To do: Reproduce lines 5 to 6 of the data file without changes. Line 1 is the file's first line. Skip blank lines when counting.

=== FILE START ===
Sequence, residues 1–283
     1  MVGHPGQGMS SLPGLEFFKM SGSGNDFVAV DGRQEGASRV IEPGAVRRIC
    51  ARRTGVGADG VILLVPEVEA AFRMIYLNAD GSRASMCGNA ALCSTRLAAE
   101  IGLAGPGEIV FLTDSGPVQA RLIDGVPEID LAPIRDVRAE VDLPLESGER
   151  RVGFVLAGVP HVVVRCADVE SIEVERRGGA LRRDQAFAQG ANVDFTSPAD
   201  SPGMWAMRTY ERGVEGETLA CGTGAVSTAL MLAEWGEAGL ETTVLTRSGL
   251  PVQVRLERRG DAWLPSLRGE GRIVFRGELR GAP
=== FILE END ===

   151  RVGFVLAGVP HVVVRCADVE SIEVERRGGA LRRDQAFAQG ANVDFTSPAD
   201  SPGMWAMRTY ERGVEGETLA CGTGAVSTAL MLAEWGEAGL ETTVLTRSGL